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The era of ESG

Investing in companies with ethical and social goals is a major market trend – even to the detriment of asset allocation principles
The era of ESG
  • ESG investing is fuelling a lot of investor decision-making
  • Estimates suggest that 50 per cent of all European passive funds are likely to be branded as ESG by 2025
  • Investors must be on their guard for stock market mania

There is little doubt that environmental, social and governance (ESG) concerns are now a major influence on investor thinking. With 50 per cent of all European passive funds likely to be branded ESG by 2025, according to Morningstar, there is an imperative for companies to appeal to ethically-conscious investors and consumers in order to stay on the radar.

But the problems with ESG investing are amply demonstrated by a simple search for the FTSE 100 companies with the highest ratings on ethical and social matters. According to data from Refinitiv, the top five companies include pharma giants AstraZeneca (AZ.) and GlaxoSmithKline (GSK) – plausible – miner Glencore (GLEN) – quite a few skeletons here, admittedly - and British American Tobacco (BATS) – no further comment needed.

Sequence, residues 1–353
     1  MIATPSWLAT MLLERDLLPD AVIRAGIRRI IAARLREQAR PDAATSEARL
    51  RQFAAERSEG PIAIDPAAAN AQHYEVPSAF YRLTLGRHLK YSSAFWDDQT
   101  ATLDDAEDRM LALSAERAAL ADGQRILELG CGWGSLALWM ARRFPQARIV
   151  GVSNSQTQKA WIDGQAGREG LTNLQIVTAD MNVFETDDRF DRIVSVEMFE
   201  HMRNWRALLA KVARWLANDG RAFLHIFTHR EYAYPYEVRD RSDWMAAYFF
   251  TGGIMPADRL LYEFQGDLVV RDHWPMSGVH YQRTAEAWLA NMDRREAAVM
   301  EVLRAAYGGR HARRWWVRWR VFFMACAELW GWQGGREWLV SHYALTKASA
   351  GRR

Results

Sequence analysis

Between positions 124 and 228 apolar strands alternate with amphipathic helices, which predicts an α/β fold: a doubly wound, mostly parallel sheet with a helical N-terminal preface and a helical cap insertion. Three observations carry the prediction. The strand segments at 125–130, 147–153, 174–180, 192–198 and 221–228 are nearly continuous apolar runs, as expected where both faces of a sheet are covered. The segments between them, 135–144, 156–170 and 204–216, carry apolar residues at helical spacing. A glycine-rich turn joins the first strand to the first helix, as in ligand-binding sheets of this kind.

If the recent outperformance of ESG investments is in part a sign of some suspiciously bubble-like conditions, future returns may not be so easily replicated over the coming decade.

What does seem likely is that attempts to properly identify ESG pioneers will only strengthen the link to oceans of ESG-hungry pension fund and retail capital. Indeed, it is notable that huge inflows into ESG funds over the last quarter of 2020 arrived as the European Commission ordered a clear meaning of terms such as 'ethical', 'sustainable' and 'responsible'. The regulatory clarity of the Sustainable Finance Disclosure Regulation has left Europe as the leading market for ESG investors, with assets under management surging by 52 per cent in 2020 to €1.1trillion (£948bn).